At the Abolition 2000 Annual General Meeting in Edinburgh in 2013, participants adopted the following call for a global ban on uranium mining:
Recalling the Moorea Declaration, adopted by the Abolition 2000 Conference held in Moorea, Te Ao Maohi, (French Occupied Polynesia) in 1997, which recognised that “colonised and indigenous peoples have, in the large part borne the brunt of … nuclear devastation – from the mining of uranium and the testing of nuclear weapons on indigenous peoples land, to the dumping, storage and transport of plutonium and nuclear wastes, and the theft of land for nuclear infrastructure,” we call upon all governments, local and national, to permanently ban uranium mining within their territories and to ban both the import and export of uranium.
Without uranium, nuclear reactors cannot operate; without uranium, plutonium cannot be produced; without uranium or plutonium, nuclear weapons production is not possible. Cutting off the supply of uranium will reveal the contradictions inherent in the entire nuclear chain. It will eventually reduce the availability of fissile materials which can be fashioned into weapons of mass destruction. All existing stocks should be safely rendered unusable and securely stored.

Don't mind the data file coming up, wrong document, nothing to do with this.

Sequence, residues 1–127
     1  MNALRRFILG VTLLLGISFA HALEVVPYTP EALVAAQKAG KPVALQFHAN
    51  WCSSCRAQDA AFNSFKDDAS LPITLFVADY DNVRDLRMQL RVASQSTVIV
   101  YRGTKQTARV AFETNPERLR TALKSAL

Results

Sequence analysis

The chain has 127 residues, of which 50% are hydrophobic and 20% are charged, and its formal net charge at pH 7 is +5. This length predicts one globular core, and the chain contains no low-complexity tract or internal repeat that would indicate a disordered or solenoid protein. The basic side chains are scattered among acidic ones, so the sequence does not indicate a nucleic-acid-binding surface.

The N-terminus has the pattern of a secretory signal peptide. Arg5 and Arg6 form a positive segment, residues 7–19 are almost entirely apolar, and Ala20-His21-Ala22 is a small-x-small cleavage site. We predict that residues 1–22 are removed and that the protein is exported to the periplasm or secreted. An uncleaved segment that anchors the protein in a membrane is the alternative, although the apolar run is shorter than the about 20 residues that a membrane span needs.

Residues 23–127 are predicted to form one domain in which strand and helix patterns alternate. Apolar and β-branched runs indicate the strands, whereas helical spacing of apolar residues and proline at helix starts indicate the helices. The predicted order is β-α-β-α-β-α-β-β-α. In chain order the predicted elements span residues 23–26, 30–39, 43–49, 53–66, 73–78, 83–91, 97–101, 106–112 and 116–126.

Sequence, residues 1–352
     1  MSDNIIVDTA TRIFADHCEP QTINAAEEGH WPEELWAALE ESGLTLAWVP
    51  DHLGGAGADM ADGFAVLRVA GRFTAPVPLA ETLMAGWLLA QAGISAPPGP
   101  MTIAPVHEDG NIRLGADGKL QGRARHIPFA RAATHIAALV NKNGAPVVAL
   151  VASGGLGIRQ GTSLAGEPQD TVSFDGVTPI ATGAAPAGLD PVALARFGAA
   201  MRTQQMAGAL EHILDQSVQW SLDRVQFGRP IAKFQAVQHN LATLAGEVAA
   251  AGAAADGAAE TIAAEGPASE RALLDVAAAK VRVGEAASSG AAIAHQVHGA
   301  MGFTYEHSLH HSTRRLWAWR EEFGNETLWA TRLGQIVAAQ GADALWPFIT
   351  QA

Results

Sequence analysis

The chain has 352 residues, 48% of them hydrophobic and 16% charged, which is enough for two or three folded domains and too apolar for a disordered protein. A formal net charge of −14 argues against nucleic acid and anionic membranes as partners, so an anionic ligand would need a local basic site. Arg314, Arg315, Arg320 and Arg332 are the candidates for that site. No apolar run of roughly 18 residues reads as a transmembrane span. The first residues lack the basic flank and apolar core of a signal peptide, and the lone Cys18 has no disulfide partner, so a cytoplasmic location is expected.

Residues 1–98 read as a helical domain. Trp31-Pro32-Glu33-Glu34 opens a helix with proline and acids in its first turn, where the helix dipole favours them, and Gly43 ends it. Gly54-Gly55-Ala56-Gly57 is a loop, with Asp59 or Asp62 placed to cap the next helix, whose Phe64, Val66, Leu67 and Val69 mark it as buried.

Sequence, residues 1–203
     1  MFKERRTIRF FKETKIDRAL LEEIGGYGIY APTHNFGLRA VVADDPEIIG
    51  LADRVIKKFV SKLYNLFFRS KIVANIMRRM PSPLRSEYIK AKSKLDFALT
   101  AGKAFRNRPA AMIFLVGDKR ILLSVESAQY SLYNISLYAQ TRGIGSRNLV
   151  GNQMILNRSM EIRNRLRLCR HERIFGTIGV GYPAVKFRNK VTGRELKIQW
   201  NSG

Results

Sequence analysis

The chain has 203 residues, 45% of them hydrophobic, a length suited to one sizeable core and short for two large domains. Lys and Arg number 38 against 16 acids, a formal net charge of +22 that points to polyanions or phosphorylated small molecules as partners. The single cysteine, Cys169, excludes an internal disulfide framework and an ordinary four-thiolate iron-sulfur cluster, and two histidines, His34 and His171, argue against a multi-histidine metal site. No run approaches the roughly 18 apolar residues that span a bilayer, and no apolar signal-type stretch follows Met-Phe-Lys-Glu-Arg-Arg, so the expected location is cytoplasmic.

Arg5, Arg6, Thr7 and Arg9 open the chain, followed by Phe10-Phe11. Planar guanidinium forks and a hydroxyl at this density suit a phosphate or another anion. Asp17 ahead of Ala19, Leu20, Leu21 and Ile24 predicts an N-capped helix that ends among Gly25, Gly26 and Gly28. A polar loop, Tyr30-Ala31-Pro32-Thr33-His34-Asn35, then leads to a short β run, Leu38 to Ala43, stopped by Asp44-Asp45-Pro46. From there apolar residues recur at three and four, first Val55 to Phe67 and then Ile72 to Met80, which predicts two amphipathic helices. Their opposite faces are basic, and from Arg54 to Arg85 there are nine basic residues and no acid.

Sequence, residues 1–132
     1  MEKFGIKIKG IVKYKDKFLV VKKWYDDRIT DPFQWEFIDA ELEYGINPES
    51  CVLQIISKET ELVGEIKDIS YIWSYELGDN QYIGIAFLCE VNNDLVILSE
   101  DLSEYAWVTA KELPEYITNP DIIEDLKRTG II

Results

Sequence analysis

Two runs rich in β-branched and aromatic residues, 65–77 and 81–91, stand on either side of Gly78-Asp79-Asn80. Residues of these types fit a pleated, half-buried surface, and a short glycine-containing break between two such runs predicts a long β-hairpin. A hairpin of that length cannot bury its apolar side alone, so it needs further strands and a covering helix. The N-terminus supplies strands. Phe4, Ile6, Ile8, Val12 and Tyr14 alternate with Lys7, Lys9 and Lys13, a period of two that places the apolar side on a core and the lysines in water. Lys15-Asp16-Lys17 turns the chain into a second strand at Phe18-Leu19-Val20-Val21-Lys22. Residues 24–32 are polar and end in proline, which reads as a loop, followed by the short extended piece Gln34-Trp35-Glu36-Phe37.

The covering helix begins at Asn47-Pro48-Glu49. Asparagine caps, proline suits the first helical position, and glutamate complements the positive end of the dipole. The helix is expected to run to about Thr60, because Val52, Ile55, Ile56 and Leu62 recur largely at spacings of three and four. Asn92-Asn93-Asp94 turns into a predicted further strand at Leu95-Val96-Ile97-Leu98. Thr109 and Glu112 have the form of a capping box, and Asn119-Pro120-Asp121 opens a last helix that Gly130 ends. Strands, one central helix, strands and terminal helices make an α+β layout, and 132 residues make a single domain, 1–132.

All stages of the nuclear chain, from mining to power production to testing and storage of waste, expose surrounding populations to extremely long-lived mutagenic radionuclides that can lead to birth defects, cancers and other devastating diseases.
We reject the permanent contamination of our water, land and air so that a few multi-billion dollar corporations can make short-term, highly subsidised profits.
Adopted by the participants of the Abolition 2000 Annual General Meeting held in Edinburgh, Scotland, April 17- 18, 2013